We note with relish a recent ruling by U.S. District Court Judge Carol E. Jackson: she dropped the hammer on the Survivors Network of those Abused by Priests (SNAP).

On several occasions, we have revealed SNAP executive director David Clohessy to be a professed liar who runs a phony “victims group”; its real goal is to attack the Catholic Church. Now he is back in the news, this time for being slapped down by a federal judge.

SNAP has publicly accused Father Joseph Jiang of sexually molesting minors. It says it knows who the victims are. But it provides no evidence whatsoever, and refuses to disclose—under court order—who they are. This partly explains why U.S. District Court Judge Carol E. Jackson accused SNAP of defaming Father Jiang.

In a just world, Judge Jackson would not have had to issue her ruling. That’s because in 2013 charges that the priest had an inappropriate contact with a high school student were dismissed. The court found that there was no evidence that he was ever alone with the student.

In 2015, in another case, not only were criminal charges against Father Jiang dismissed, he agreed to an independent polygraph investigation; he easily passed the lie test.

After being trashed in the media, Father Jiang filed a defamation suit last year against the boy’s parents, the police, Clohessy, and his colleague, Barbara Davis. On June 27, Judge Jackson ordered SNAP to turn over the details of those who claimed they were victimized by the Chinese priest. It failed to do so. This is why she accused SNAP of “deliberate and willful refusal to comply.”

Judge Jackson was explicit in her statement to SNAP: She wanted the emails, text messages, and contact information of those who claimed that Father Jiang molested a boy in a Catholic school bathroom. The charges were dropped, but that didn’t matter to SNAP, which is why it persisted in its crusade to ruin him. When Judge Jackson called SNAP’s bluff—put up or shut up—Clohessy ran for cover, dishonestly claiming that SNAP was exempt from her order on the basis of its alleged “rape crisis center privilege.”

SNAP’s ploy didn’t work. Judge Jackson blasted Clohessy for his “repeated assertions of nonexistent privileges.” Not only is the judge right about this phony exemption, this is not the first time the SNAP director has pulled this stunt.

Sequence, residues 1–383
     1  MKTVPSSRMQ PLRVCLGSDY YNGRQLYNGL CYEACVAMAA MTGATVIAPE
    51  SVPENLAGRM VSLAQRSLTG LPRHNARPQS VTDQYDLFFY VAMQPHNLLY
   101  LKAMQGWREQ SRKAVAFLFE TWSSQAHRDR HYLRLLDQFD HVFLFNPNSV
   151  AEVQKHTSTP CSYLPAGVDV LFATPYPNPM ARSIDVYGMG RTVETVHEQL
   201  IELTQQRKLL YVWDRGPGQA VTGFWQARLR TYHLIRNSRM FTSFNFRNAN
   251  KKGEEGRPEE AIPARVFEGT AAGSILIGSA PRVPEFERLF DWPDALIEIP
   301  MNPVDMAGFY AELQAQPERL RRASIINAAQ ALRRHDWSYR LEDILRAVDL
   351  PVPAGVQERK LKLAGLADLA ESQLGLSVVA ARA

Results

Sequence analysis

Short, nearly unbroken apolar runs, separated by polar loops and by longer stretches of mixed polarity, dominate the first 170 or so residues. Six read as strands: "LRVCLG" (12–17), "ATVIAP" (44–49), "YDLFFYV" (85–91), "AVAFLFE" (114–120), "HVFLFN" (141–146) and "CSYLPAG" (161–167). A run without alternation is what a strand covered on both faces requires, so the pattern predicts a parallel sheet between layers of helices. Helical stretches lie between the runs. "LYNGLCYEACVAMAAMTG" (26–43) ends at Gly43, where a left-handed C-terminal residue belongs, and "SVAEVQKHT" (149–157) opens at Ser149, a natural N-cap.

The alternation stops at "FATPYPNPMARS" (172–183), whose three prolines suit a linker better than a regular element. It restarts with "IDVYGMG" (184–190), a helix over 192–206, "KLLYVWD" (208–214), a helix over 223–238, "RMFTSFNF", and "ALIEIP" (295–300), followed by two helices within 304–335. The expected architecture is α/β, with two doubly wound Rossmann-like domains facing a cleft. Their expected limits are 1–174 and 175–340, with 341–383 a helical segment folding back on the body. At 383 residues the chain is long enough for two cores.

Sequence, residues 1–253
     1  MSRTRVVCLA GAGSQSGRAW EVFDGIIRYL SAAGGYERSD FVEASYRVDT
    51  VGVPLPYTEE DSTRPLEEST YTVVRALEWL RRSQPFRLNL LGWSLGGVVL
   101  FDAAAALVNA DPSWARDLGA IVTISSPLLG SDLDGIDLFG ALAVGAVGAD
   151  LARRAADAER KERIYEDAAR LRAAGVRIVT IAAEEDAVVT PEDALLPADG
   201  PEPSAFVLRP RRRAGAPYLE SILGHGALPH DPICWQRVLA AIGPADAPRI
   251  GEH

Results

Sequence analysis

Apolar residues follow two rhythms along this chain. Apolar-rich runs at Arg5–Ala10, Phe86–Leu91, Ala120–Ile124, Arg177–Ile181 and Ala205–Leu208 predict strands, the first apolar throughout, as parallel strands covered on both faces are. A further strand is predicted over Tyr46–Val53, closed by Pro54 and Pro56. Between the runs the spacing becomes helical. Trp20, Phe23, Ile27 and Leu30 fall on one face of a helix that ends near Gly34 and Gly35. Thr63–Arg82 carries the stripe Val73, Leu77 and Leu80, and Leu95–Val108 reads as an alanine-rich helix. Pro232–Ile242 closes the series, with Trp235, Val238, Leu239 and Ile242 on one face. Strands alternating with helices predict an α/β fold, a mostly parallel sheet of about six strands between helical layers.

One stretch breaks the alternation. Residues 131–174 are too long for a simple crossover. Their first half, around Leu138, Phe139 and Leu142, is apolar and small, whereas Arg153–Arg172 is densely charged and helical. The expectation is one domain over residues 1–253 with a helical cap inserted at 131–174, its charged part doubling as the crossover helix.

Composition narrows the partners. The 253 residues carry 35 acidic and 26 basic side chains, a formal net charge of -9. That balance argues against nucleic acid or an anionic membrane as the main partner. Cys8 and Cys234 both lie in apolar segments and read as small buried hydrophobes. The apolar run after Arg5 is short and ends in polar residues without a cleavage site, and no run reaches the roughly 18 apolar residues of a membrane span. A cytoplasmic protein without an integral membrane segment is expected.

In 2012, Clohessy was deposed by a Missouri court, wherein it was shown that he (a) lied to the media about his work (b) falsely advertised SNAP as a rape crisis center (c) exploited his clients by providing unauthorized “counseling” services (d) ripped off those who are truly in need of help by failing to contribute even a dime for licensed counselors and (e) pursued priests on the basis of legal criteria he admits he cannot explain.

In her court order, Judge Jackson charged SNAP defendants with conspiracy: they conspired “to obtain plaintiff’s conviction on sexual abuse charges.” She also stated why: it was due to “discriminatory animus against plaintiff based on his religion, religious vocation, race, and national origin.”

Yes, Clohessy and his staff conspired against Jiang because he was a Catholic priest—in their minds all accused priests are guilty—and because he was an easy Asian target. But now they know that Father Jiang is no pushover: SNAP must now pay for the priest’s legal fees, and other charges.

One of the reasons why Father Jiang is not a pansy is because of his no-nonsense boss. Archbishop Carlson is a courageous leader of the Catholic Church, one who has the moxie to take on the likes of SNAP. This is why Clohessy hates him.

Clohessy’s hatred of Archbishop Carlson is what drove him to smear this prince of the Church. In a statement released August 23, Clohessy said, “Archbishop Carlson refuses to reveal where Fr. Jiang is living, why he had a bedroom in Carlson’s home and why Fr. Jiang followed Carlson from city to city (a highly unusual arrangement in the Catholic Church).”

How cute. Why doesn’t Clohessy have the guts to say what he is implying? Furthermore, does he think the archbishop is under some obligation to inform him where Father Jiang lives? Does he know that bishops typically have spare rooms in their residences? Similarly, does he know how common it is for bishops to be accompanied—city to city—by priests? Perhaps if Clohessy were a practicing Catholic he would know the answers.

SNAP is not some innocent, well-intentioned, organization out to help the victims of abuse. It is not innocent: it is guilty of lying to the media about its cause. It is not well intentioned: its goal is to malign the Catholic Church. It is not an organization: Clohessy does not have an office that he reports to daily, and he commands no staff. It does not seek to help victims: it rips them off by offering unlicensed counseling.

True victims of abuse deserve justice, not the kind of injustice rendered by SNAP. Kudos to Judge Jackson for doing her job, and to Father Jiang and Archbishop Carlson for standing up to these bullies.

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